Bazian Industrial activities are immensely valuable and important for the region. Industrial activities produce cement, fertilizers, iron, steel, electronics, plastics, food, medicine, clothes, poultry food and other essential goods for life. These productions increase life satisfaction of the public. Providing electricity, water, gas, roads, and public service are possible because of industrial sectors. Industries must continue and grow to meet the demand of the population in the present and future. Therefore, this paper reflects on the impacts of Bazian district industrial activities on the climate change in the district, particularly in terms of water resource (surface and underground) depletion, contamination and its effect on air quality of Sulaymaniyah in general. The intent behind this paper is to also focus on Bazian district industrial sector economic value and importance. This paper is in hopes to generate constructive arguments between policy makers, investors, stakeholders, government officials, residents, locals of Bazian district on how to move forward by striking a balance between allowing this industrial zone to support economy stabilization in the region whilst preventing its processes and by-products to have negative impacts on the local environment and that of Sulaymaniyah region in general.

Why Depletion of Water Resources Affect the Economy?

Iraq’s population (44.47 million in 2024) and its expansion (rate: 2.58% annual rise between 2023 and 2024) demand higher Gross Domestic Products (GDP). 4 GDP per capita is the value of ready-to-use goods and services for each individual produced by the economy. Life satisfaction increases directly with the growth of GDP in countries which have high poverty rates. 5 Iraq's GDP per capita is $6,100 and the expansion rate is 2.9% according to most recent data (2024). 6 Growing GDP demands more production of power using fossil fuels (oil and natural gas) to produce industrial goods. The amount of water necessary for essential industrial products is substantial. For example, crude oil production is in millions of barrels per day in Iraq, which require just as many barrels of water per day. Iraq and Iraqi Kurdistan Region’s geolocation makes it dependent on river and underground water, which are originating from Tigris and Euphrates, for domestic use and oil and non-oil industrial productions. Therefore, depletion of water resources by Iraq’s industrial sectors threatens the strength of the very economy that the industries are supposed to help grow.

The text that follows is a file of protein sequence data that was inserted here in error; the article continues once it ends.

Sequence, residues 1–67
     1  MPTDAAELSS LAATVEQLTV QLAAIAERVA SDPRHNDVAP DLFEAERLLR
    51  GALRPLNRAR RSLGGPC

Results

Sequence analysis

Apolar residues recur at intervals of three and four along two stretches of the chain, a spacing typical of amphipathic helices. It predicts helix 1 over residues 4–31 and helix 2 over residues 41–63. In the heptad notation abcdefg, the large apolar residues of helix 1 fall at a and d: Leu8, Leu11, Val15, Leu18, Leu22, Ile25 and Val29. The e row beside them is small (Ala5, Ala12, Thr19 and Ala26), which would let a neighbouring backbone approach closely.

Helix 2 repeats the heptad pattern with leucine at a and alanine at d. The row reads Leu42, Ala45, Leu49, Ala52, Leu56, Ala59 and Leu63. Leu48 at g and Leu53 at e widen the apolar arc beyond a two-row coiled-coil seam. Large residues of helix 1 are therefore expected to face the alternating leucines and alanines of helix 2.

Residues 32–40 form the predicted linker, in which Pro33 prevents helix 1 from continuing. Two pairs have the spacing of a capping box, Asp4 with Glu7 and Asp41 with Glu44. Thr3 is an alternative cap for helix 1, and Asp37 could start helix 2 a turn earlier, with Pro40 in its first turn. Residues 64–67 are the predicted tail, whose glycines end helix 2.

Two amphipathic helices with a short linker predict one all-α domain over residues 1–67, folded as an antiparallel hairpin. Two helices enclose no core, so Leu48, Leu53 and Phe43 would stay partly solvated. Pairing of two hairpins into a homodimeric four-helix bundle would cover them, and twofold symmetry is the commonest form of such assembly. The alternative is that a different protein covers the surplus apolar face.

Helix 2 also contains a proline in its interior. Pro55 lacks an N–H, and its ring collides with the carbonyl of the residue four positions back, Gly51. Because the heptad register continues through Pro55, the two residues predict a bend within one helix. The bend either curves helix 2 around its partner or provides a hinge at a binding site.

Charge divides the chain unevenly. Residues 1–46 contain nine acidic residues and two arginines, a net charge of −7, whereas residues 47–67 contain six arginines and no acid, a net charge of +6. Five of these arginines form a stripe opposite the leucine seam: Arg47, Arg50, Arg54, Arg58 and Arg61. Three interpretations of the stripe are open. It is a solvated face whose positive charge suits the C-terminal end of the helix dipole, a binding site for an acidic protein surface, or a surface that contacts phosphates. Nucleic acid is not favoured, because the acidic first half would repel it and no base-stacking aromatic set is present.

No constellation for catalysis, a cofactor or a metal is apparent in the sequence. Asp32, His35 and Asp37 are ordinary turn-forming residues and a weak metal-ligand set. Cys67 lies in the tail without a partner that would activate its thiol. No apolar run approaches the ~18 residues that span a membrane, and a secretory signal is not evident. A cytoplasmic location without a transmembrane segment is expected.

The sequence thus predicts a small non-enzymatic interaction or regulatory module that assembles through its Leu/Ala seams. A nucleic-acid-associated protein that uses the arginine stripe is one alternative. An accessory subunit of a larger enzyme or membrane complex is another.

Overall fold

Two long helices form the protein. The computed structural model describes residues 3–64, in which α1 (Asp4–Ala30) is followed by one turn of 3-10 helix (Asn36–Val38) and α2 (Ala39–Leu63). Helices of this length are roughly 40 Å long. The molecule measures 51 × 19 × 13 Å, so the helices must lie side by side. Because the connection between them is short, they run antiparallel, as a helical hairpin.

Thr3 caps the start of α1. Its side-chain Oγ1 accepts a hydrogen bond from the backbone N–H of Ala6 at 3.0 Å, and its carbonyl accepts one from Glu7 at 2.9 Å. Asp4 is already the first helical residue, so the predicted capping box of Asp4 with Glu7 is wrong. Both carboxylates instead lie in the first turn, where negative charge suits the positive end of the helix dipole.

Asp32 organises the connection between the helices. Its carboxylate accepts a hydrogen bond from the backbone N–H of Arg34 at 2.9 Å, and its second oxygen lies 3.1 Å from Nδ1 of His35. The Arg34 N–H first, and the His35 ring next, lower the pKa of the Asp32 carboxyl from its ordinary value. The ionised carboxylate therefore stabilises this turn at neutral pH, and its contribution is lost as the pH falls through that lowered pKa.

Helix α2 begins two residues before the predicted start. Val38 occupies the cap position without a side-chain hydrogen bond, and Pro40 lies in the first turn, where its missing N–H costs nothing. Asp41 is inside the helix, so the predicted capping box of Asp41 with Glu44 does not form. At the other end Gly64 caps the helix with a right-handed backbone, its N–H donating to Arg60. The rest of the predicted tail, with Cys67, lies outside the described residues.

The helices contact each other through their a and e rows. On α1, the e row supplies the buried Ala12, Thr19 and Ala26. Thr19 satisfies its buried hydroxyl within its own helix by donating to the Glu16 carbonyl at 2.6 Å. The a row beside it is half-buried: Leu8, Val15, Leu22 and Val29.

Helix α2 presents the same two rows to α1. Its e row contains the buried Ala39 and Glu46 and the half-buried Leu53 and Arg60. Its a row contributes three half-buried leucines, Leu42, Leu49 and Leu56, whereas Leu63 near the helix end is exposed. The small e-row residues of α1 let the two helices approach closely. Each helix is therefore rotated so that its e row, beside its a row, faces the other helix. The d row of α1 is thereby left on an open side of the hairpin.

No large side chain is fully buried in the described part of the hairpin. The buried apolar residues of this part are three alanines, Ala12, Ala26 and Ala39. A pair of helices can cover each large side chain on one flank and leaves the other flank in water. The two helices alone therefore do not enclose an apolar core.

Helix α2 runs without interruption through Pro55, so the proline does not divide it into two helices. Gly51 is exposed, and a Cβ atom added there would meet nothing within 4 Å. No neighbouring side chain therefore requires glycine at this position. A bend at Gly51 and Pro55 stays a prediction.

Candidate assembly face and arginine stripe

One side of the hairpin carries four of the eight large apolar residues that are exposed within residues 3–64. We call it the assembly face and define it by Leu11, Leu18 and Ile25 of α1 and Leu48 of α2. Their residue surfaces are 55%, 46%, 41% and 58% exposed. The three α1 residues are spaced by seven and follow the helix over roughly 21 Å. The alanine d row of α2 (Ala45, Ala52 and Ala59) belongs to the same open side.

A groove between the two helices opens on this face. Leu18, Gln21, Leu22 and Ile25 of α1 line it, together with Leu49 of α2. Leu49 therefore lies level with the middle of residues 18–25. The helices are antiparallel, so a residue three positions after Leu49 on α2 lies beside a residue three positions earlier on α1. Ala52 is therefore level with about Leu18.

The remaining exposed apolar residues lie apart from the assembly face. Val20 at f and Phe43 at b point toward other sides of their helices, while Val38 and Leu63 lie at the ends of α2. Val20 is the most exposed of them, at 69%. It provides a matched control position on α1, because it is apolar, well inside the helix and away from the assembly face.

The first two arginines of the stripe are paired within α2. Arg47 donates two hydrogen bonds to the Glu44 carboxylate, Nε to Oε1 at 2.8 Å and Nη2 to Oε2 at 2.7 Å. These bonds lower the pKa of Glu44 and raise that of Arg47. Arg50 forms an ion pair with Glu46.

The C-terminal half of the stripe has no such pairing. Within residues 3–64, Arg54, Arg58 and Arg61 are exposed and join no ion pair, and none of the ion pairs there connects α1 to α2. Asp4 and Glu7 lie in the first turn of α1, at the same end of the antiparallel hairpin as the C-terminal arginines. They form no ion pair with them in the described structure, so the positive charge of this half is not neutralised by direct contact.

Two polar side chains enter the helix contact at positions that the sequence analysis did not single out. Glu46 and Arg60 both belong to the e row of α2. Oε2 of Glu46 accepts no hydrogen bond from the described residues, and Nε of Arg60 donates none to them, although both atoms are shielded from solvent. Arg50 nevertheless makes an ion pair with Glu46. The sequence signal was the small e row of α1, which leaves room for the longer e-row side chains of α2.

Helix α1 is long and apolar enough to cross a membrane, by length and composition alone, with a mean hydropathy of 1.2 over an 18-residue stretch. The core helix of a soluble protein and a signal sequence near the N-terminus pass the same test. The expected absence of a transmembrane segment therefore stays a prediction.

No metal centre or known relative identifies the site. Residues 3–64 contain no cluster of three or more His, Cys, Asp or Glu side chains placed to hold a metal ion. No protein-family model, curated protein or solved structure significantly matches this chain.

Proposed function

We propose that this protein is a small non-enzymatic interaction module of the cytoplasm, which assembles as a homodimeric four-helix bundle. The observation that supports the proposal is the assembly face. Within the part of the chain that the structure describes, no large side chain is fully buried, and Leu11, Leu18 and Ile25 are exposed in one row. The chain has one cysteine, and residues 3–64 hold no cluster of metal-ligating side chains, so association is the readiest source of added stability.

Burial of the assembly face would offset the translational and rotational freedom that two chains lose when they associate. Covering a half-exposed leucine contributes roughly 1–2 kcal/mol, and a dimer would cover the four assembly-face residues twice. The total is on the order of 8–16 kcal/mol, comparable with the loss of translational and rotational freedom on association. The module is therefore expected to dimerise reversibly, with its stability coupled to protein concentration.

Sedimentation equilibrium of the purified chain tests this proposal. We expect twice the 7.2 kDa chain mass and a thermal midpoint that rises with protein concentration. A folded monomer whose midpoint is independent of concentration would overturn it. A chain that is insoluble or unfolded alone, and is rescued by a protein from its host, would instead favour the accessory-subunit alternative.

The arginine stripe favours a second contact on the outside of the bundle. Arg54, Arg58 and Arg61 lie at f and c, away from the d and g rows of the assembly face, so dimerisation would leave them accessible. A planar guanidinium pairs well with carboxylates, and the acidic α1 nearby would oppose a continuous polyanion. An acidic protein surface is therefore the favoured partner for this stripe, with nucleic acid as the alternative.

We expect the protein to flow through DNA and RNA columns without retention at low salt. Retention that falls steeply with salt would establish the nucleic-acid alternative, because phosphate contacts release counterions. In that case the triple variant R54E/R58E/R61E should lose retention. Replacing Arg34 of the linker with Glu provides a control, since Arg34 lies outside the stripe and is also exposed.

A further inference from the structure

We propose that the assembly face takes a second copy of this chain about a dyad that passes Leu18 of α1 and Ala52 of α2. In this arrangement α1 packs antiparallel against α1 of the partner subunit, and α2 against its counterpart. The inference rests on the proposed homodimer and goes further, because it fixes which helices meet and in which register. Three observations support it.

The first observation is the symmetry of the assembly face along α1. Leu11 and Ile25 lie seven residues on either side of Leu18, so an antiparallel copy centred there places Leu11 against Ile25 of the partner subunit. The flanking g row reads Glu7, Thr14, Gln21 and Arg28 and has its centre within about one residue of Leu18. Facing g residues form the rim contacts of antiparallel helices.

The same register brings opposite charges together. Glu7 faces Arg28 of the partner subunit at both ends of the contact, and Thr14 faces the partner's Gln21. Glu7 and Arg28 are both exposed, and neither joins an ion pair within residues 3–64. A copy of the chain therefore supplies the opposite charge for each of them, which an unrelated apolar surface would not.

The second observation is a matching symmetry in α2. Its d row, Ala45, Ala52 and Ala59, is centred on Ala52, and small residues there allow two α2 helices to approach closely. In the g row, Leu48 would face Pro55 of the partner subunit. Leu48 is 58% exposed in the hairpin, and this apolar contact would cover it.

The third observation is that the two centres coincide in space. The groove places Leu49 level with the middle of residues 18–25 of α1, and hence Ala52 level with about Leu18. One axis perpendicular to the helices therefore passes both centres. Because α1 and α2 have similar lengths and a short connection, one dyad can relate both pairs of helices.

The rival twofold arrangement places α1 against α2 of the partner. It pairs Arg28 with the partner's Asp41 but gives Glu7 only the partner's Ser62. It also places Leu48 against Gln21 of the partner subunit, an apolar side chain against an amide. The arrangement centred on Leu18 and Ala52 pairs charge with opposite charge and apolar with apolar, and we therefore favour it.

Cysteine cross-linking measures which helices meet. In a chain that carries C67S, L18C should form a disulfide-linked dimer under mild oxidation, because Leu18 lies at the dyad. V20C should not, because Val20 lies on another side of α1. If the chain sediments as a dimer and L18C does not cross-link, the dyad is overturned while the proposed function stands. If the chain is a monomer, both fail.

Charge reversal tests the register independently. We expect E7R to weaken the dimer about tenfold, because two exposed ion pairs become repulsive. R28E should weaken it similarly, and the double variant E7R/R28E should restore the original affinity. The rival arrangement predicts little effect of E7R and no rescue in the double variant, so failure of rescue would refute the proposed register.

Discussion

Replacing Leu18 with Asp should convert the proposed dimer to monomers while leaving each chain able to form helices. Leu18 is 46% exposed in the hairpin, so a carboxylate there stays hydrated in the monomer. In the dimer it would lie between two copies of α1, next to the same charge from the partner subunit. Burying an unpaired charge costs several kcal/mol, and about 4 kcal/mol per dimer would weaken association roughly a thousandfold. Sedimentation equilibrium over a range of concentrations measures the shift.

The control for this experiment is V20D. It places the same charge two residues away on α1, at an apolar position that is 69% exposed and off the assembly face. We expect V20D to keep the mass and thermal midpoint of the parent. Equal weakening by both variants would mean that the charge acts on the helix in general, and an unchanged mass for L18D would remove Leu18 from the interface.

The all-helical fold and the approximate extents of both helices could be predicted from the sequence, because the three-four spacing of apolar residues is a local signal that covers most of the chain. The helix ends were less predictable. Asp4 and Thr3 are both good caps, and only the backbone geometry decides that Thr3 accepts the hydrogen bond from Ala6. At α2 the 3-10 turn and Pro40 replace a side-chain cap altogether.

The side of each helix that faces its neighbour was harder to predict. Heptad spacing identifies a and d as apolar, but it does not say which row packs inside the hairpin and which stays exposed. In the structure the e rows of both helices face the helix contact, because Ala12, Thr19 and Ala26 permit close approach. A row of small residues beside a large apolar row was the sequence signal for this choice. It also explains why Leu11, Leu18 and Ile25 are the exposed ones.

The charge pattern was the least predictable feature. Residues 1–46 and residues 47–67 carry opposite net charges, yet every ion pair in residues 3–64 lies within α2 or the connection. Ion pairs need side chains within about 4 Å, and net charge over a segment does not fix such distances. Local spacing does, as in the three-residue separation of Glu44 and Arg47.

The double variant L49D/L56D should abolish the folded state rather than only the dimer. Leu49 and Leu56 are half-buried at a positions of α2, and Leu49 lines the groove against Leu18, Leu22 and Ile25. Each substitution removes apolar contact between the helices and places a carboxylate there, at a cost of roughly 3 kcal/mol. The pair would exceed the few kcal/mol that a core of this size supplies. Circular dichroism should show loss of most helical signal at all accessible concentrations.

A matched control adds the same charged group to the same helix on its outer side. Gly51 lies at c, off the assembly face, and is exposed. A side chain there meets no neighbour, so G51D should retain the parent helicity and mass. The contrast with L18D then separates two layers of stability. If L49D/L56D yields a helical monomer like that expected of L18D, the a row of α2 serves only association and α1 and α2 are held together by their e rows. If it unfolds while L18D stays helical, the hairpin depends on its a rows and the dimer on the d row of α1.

Industrial ProductUnit Production (barrels)Water Usage (barrels)Water Usage (liters)
Crude oil production1 barrel of crude oil1.3-1.5206.7-238.5
Crude oil refinement1 barrel of crude oil refinement0.34-0.7154-112.8
Production of steel and iron1 ton of steel and iron12.62003.3
Production of cement1 ton of cement13.42130.5
Table 1: Amount of water (in barrels and liters) used for the most common productions in Iraq 7 8

Iraq is Dreaming of a Stable Economy: Is a Profitable Oil Industry Enough?

Economically Iraq is heavily dependent on its oil and gas sector. Iraq's revenue from exports to global markets in 2023 constituted of 87.14% ($90.194 billion) from crude oil and petroleum products and 12.86% ($13.308 billion) from other exports. 9 This is because Iraq is the second largest crude oil producer in the Organization of the Petroleum Exporting Countries (OPEC). Largely depending on its oil and gas sectors makes Iraqi economy fluctuate with oil global demand, price and political scene changes. For instance, the Iraqi annual budget in 2023 had a deficit of 32% because of politics involving Ceyhan port exports of crude oil from Kurdistan to Turkey. 10 This large deficit would not be as substantial ($49.506 billion) if there was diversification in the sources of revenue. Inducing a stable economy would entail Iraq to focus on its non-oil industries as well to decrease the amount of budget deficits and probability of an economic recession. An industrial sector that can support exports to foreign markets will stimulate economic growth by capturing global market shares, generating income, increasing employment rate, opening channels to global networks and knowledge transfer, increasing quality of life and reducing the risk of economic recession.